Hidden morphological diversity among early tetrapods

  title={Hidden morphological diversity among early tetrapods},
  author={Jason D. Pardo and Matt Szostakiwskyj and Per Erik Ahlberg and Jason S. Anderson},
Phylogenetic analysis of early tetrapod evolution has resulted in a consensus across diverse data sets in which the tetrapod stem group is a relatively homogenous collection of medium- to large-sized animals showing a progressive loss of ‘fish’ characters as they become increasingly terrestrial, whereas the crown group demonstrates marked morphological diversity and disparity. [] Key Result Digital dissection reveals extremely primitive cranial morphology, including a spiracular notch, a large remnant of the…

The smallest known Devonian tetrapod shows unexpectedly derived features

Brittagnathus is described from a single complete right lower jaw ramus recovered from the Acanthostega mass-death deposit in the upper part of the Britta Dal Formation of Stensiö Bjerg, Gauss Peninsula, East Greenland and suggests that diversification of ‘Carboniferous-grade’ tetrapods had already begun before the end of the Devonian and that the group was not greatly affected by the end-Devonian mass extinction.

A Mississippian (early Carboniferous) tetrapod showing early diversification of the hindlimbs

A new East Kirkton tetrapod with an unusual hindlimb morphology reminiscent of that of several stem- and primitive crown amniotes is named and described, with a unique ilium with two slender and elongate processes and a 5-digit pes with a long, stout metatarsal IV and a greatly elongate digit IV.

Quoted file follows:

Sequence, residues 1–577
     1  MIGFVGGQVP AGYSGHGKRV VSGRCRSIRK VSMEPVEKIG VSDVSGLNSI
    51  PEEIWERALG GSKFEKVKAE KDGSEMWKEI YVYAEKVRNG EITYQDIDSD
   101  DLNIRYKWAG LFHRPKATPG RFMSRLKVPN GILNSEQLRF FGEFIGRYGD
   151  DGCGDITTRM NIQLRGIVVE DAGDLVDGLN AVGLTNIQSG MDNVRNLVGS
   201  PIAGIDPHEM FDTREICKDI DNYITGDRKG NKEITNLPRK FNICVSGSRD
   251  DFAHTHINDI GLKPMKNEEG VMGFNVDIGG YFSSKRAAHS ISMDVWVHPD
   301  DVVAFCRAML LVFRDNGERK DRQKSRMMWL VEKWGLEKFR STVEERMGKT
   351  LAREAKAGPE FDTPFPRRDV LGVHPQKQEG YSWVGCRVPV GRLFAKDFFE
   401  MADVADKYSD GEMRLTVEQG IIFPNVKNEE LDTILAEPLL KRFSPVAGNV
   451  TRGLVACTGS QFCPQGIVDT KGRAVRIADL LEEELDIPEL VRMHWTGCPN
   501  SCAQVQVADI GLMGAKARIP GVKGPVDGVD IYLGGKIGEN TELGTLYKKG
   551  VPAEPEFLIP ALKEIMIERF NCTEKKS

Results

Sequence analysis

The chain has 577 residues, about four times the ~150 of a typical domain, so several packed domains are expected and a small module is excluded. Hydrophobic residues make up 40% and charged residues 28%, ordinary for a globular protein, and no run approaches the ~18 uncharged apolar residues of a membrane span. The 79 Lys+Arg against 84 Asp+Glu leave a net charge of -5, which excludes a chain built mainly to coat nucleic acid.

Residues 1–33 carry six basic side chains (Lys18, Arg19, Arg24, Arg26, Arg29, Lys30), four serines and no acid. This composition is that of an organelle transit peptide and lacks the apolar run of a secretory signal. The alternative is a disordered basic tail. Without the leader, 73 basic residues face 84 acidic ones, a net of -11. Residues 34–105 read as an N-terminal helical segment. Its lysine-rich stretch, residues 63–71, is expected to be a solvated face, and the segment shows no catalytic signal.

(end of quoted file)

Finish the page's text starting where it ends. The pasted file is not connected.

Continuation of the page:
A Late Devonian actinopterygian suggests high lineage survivorship across the end-Devonian mass extinction.

An exceptionally preserved fossil from 7 Myr before the extinction that reveals unexpected anatomical features is reported and a revised model matches more complex patterns of divergence, survival and diversification around the Devonian/Carboniferous boundary in other vertebrate clades.

The phylogeny of early amniotes and the affinities of Parareptilia and Varanopidae

A new amniote phylogeny excludes varanopids as stem-line mammals, nests Parareptilia within Diapsida and suggests that temporal fenestration evolved fewer times than previously thought.

Multiple paths to morphological diversification during the origin of amniotes.

Evidence for an early burst, comprising high rates of anatomical change that decelerated through time, giving way to a background of saturated morphological evolution is found, demonstrating the importance of variation in modes of phenotypic divergence during a major evolutionary radiation.

Fossil bone histology reveals ancient origins for rapid juvenile growth in tetrapods

Patterns of growth throughout the lifetime of an animal reflect critical life history traits such as reproductive timing, physiology, and ecological interactions. The ancestral growth pattern for

Early amphibians evolved distinct vertebrae for habitat invasions

Living tetrapods owe their existence to a critical moment 360–340 million years ago when their ancestors walked on land. Vertebrae are central to locomotion, yet systematic testing of correlations

Snake-like limb loss in a Carboniferous amniote

A new taxon of molgophid recumbirostran from the Carboniferous of Illinois, Nagini mazonense, suggests that the forelimb-first pattern of limb reduction that characterizes modern snakes also occurs early on in amniote evolution.

Early tetrapod cranial evolution is characterized by increased complexity, constraint, and an offset from fin-limb evolution

It is found that bone loss across the origin of tetrapods is associated not only with increased complexity of bone-to-bone contacts but also with decreasing topological diversity throughout the late Paleozoic, which may be related to developmental and/or mechanical constraints.